SGJ: I'd be all over it, yeah. But, the labels, yeah, they can be a problem, definitely. Or, from the publisher's perspective, it's marketing, of course, it's targeting an audience, selling them a familiar-enough product. Which I understand – no way am I one of those people who think the market doesn't matter. If people aren't reading you, it's your fault, not theirs. The labels can definitely be a problem, though. Or, they become a problem when they keep somebody only writing within one genre. Because of editorial pressure, yeah, but because you start buying your Wikipedia page too, where it says you write horror. So dies this, I don't know, this One Flew Over the Cuckoo's Nest story you've got bubbling up the back of your throat. Can I call on Lansdale again, here? If so, then it's him, how he answers when somebody asks what genre he writes in: "The Joe Lansdale genre." That's the way it's got to be for everybody.

MM: You have a new collection of short fiction coming out later this year from Prime Books. In his introduction, Laird Barron says: “The Ones That Got Away is a slippery collection; it resists and gnaws at the bonds of genre, yet may be the most pure horror book I've come across.” Later he adds, “Childhood lost. Youth corrupted is the touchstone, the recurring theme in The Ones That Got Away.”

SGJ: Yeah, when I was putting this one together, trying to figure out the sequence of it all – you can't back-to-back first-person jobs, you can't lump all the present tense stories together, all that – I finally saw what Laird picked up on immediately: that childhood was an important component of the scare here. Completely not on purpose, too. Well, at least accidental in the sense that, yeah, everything I write, I'm probably trying to do King's IT at some level, but when the story voice pops into my head, starts talking, I'm not thinking King. I'm thinking Oh no, I don't want to have to write about this. But I do.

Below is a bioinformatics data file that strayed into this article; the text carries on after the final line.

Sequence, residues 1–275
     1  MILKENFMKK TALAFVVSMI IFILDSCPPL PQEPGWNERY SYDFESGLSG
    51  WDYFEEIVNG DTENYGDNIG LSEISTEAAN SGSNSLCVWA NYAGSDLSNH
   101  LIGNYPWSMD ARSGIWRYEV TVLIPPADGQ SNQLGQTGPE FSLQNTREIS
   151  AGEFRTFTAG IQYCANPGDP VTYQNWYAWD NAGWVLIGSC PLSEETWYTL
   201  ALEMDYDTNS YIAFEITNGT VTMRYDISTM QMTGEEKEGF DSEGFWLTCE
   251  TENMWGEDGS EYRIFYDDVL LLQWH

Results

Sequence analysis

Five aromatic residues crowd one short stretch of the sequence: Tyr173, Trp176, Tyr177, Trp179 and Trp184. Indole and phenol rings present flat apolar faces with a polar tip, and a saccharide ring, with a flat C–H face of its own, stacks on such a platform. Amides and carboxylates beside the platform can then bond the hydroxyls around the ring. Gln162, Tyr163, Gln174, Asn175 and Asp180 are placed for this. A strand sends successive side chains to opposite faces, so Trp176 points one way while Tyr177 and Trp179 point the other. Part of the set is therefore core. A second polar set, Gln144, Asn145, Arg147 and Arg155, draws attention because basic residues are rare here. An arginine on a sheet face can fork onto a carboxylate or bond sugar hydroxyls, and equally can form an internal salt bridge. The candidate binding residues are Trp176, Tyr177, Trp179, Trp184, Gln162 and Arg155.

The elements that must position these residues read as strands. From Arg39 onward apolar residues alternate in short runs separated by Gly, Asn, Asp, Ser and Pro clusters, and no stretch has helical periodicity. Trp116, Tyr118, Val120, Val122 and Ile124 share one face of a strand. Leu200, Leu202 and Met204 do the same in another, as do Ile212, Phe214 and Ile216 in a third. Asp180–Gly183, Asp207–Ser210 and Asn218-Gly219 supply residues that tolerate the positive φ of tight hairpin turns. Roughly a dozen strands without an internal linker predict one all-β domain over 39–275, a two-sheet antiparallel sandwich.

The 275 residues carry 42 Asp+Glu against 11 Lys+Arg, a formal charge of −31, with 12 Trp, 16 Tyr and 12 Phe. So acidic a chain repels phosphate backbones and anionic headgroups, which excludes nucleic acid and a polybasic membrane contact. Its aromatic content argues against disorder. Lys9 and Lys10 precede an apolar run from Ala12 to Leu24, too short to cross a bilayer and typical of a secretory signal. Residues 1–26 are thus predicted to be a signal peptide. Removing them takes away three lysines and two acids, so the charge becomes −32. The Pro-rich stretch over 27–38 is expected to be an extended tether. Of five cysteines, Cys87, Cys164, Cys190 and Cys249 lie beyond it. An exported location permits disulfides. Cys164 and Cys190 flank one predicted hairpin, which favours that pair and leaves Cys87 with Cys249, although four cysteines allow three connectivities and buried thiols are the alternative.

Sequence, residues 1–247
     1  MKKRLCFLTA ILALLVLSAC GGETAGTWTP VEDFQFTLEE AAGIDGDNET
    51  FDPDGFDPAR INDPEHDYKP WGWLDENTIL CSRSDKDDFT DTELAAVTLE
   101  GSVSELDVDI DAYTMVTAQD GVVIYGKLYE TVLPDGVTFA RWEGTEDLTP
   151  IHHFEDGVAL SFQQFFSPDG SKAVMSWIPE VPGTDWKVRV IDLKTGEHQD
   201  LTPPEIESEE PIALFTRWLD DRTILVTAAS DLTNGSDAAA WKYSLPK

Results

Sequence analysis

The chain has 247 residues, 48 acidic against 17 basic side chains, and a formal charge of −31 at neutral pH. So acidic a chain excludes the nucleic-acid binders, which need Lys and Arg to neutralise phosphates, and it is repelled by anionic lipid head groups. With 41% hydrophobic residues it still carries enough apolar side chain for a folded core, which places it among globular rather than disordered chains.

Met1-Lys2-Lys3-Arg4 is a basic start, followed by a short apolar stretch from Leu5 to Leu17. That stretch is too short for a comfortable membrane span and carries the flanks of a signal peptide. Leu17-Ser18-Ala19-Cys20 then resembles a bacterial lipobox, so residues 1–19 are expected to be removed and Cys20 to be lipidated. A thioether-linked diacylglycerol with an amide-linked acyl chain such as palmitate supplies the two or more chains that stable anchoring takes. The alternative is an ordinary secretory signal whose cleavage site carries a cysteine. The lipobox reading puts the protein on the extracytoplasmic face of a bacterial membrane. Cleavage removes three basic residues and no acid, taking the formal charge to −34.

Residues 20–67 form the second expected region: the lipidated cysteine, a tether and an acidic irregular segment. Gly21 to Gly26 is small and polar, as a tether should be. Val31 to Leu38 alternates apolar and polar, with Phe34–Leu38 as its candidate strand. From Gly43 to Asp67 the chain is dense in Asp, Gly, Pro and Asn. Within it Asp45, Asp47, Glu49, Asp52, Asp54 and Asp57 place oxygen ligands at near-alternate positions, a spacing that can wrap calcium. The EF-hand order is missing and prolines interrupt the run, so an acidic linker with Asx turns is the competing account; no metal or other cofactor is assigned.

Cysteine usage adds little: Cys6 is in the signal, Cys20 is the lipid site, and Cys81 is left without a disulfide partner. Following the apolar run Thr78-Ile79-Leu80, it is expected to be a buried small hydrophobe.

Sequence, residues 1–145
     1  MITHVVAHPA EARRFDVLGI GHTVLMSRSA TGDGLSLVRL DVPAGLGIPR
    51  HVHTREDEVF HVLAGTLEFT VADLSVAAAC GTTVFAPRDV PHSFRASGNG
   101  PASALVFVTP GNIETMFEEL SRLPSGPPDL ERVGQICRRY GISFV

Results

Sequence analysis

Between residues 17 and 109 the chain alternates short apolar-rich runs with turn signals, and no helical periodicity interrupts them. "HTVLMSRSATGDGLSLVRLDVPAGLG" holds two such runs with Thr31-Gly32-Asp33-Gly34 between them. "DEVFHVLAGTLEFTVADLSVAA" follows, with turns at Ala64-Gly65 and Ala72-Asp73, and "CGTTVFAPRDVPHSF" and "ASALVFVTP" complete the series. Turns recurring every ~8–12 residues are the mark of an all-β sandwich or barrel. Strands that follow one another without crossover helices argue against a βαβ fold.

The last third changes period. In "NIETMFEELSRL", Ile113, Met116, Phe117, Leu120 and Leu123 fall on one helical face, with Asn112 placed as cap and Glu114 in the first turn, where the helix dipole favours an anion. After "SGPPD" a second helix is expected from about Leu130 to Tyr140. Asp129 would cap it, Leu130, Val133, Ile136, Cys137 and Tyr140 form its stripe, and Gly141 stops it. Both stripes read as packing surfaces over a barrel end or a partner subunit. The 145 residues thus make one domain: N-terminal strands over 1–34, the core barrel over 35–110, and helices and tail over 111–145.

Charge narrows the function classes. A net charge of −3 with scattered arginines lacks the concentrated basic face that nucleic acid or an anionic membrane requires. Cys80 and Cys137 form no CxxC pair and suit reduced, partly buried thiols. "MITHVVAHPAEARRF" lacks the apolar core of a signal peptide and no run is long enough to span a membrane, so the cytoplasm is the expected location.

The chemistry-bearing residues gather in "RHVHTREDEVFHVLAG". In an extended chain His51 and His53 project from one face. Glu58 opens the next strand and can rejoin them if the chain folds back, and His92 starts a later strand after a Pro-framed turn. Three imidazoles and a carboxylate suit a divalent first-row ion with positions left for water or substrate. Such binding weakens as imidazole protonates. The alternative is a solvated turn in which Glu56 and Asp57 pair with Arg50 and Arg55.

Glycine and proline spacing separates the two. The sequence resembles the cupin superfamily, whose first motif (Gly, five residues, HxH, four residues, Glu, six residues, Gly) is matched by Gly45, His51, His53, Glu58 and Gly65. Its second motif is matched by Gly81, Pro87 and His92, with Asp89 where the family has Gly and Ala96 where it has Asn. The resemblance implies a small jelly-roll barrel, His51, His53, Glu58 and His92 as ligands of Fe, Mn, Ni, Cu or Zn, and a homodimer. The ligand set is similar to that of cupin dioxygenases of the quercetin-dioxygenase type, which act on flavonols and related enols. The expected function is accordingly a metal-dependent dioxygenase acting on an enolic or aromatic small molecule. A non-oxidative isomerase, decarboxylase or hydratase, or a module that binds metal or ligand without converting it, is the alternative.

MM: Is the loss of childhood and innocence horrific, or is it simply part of the process of growing up? Is it possible to become an adult without losing one’s innocence…?

SGJ: I'd never considered that, I don't guess. Like you get baptized into another place. I don't know. For me the most magical characters are always the one able to hold on to that innocence, even though they're living in hardly-innocent worlds. But I'm thinking there's not a lot of those trending-to-an-up-ending characters in The Ones That Got Away. Nona, though, in Demon Theory, yeah, she's that. For me, anyway. A Benjy the funhouse can't touch. And Nolan in The Long Trial of Nolan Dugatti. Strange. Kind of seems the only way I can cycle a character through a story such that he earns some kind of happy-for-him end, it's to go novel length. Either that or happy endings in short horror fiction often feels too pat, such that it erases the scare it's supposed to impart. Or – wrong word there. 'Inflicted' is what I should say. It's from Evenson: "Truth cannot be imparted, it must be inflicted." Hope I got that right.

But yeah, to get back to the question some: there's a few kids in these stories. Probably because some of the most pure horror I remember, it's being a kid, not really knowing how the world works, sometimes seeing too far into it, and knowing you shouldn't reach your hand across, but closing your eyes and doing it all the same.

Tune in next time for Part Two...